Still, it isn’t all tragedy and pity. Some of it is pure nostalgia and adrenaline. Seeing ‘Prime Luke,’ some years after the events of Return of the Jedi but before he became the Old Man Luke seen at the end of The Force Awakens, is something that has been sorely missing from the wider canon since the erasure of the old EU. Seeing Luke being a mentor to young Solo and in his fighting prime, easily dispatching the Knights of Ren, was a joy to watch unfold as Will Sliney makes every sabre slash look just as iconic as they do when projected in a theatre. Unfortunately the Knights themselves are still as big of a mystery as the eponymous Ren who dies at Ben’s hands, solidifying him as their new leader. A throwaway line in the final issue indicates that they are essentially bounty hunters, but beyond that we learn nothing more about them apart from the occasional name-drop which can be found in the movie’s visual dictionary. Seeing the Knights be single-handedly defeated by Luke and then struggle to fend off a single Padawan in the final issue does little to boost their credibility before we next see them in The Rise of Skywalker.

Still, if there is one thing which this series does well in terms of fleshing out the background of the Sequel Trilogy it is Luke’s academy. Used sparingly, the academy itself is only shown a handful of times. The real intrigue comes from Ben’s fellow Padawan learners Voe, Hennix, and Tai. Destined to die before this series even began due to the nature of villainous origin stories, getting to know each of these three students and their different personalities was something that is dying to be replicated in an animated series set post-Return of the Jedi and featuring Mark Hamill. Until that fan dream comes true, we must satisfy ourselves with this teaser of those lost years. Who knows, maybe we will meet the three Padawans who died at the hands of Ben again someday, making their deaths even more cruel in the second half of this series.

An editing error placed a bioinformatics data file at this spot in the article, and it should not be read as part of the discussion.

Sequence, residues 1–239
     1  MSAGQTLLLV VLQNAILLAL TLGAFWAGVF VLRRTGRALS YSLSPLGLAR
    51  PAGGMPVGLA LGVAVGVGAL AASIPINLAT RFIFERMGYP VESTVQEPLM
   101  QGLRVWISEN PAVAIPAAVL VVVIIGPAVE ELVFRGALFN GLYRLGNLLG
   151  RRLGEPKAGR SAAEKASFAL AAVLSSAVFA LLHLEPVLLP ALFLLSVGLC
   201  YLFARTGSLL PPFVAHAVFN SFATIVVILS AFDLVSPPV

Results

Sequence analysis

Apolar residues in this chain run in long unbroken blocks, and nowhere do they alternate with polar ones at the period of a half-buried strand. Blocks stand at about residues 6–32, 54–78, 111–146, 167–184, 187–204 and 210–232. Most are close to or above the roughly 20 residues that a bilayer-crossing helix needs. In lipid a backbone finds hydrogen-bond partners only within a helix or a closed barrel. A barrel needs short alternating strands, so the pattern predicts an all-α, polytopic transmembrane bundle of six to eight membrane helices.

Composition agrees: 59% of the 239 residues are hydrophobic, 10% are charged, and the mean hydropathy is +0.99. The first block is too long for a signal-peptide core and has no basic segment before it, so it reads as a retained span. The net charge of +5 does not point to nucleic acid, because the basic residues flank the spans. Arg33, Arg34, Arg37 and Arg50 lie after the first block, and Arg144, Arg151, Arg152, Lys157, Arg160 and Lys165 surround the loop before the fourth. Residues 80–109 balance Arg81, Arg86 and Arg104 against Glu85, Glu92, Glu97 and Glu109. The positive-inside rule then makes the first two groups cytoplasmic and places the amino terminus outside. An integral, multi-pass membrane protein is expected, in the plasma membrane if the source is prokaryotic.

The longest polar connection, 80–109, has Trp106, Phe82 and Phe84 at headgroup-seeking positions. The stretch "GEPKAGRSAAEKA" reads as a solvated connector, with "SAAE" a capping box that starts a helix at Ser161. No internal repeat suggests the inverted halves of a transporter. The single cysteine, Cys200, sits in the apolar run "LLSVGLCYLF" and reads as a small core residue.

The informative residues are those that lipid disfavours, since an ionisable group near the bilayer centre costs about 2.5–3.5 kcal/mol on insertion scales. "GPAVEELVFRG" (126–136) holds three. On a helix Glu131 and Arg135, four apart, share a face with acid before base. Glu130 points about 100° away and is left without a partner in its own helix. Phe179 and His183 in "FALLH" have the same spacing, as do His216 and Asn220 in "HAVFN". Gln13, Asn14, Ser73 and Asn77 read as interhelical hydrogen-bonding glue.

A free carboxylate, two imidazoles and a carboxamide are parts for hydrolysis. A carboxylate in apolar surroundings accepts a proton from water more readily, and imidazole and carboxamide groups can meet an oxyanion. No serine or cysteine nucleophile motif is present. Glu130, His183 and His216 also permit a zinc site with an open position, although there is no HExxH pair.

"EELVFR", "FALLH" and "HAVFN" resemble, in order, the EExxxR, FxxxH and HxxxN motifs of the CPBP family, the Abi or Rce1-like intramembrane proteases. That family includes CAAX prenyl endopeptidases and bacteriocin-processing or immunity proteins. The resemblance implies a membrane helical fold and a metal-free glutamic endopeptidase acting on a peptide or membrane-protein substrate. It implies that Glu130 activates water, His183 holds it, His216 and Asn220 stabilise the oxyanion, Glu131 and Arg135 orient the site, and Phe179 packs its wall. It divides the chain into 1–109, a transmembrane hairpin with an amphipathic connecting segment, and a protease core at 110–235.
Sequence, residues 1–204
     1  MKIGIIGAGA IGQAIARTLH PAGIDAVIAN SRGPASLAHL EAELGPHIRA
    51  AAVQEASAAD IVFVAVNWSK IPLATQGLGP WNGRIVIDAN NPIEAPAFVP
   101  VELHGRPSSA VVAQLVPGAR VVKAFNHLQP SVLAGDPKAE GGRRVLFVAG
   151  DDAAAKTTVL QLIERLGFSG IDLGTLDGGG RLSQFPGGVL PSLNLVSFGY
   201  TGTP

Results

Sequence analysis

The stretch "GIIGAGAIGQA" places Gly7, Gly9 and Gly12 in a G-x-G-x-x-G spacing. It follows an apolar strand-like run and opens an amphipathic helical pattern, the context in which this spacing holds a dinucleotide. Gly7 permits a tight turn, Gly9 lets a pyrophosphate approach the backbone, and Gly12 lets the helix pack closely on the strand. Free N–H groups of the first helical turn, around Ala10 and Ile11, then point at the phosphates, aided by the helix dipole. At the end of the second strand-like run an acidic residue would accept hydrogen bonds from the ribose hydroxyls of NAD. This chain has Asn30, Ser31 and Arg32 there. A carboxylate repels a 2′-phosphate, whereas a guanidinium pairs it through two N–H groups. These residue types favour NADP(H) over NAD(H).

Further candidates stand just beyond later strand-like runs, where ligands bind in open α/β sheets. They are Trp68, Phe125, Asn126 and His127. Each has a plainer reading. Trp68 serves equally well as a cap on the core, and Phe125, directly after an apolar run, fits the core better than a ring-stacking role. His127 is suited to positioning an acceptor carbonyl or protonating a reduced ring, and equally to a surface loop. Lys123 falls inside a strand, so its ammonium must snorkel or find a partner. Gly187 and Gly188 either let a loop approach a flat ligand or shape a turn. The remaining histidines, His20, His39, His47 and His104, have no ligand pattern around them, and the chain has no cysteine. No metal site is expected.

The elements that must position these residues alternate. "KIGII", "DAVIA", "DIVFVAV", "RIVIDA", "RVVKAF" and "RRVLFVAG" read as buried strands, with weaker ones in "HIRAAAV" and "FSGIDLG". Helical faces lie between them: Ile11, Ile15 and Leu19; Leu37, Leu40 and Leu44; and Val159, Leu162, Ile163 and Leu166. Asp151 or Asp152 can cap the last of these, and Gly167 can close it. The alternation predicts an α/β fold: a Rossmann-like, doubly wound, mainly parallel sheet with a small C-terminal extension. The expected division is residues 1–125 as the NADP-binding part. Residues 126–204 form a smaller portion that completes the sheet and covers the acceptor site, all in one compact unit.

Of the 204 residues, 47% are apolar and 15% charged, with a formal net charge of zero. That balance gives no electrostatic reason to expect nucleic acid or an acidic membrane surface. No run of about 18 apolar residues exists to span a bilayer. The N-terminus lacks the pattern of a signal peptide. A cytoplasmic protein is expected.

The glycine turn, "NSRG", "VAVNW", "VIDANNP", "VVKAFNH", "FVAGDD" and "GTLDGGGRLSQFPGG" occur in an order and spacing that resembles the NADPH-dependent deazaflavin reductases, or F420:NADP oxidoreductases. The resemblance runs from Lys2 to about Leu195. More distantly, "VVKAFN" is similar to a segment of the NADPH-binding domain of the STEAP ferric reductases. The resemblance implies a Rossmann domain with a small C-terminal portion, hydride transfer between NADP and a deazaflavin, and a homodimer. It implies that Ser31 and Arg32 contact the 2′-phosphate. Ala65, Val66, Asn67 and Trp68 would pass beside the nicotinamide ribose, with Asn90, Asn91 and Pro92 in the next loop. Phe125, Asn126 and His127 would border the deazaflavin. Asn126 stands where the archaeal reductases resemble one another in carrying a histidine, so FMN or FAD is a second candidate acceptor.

Last but not least, the final conflict. Sadly a little rushed, the series needed more than one final issue to wrap things up after the cliffhanger in Issue #3. Although Ben’s transformation into Kylo Ren as he embraced the Dark Side (even catching a glimpse of a certain brown-haired girl from Jakku) was satisfying to see in all of Will Sliney’s glory, as was his bleeding of the cyber crystal which would go on to power his cross guard lightsaber, for the most part the final quarter was forced to spend too much time ticking boxes to wrap things up and not enough time laying bare the conflict within Ben.

While we did get a healthy dose of psychology during his battle with Tai in which he outlined the battle between Light and Dark inside of him, it comes from a place of conflict and not a place of self-awareness. Joining the Dark Side becomes more of a frustrated reluctance rather than a profound epiphany, which both undermines the string-pulling of Palpatine and cripples the sympathy felt by the reader. If Ben fell to the Dark Side because Snoke showed him love and affection and didn’t care that he was the son of Han Solo, shouldn’t the same be said of Luke not caring that he was the grandson of Vader? Not even a callback to the iconic over-the-shoulder lightsaber draw on Exogol in The Rise of Skywalker can negate this particular grievance.

In any case, the build up to Kylo’s ‘rise’ over the previous three issues did a great job showing a more innocent side to Ben Solo and of expanding the lore of this galaxy far, far away. With any luck we will see the Jedi outpost from Issue #2 in one of Soules’ works set during the High Republic era over the course of the next few years. However, the grand finale, visually stunning as it may be, needed a fifth or even a sixth issue to breathe and give the reader a better sense as to why Ben Solo became Kylo Ren.

Overall Score: 7.5/10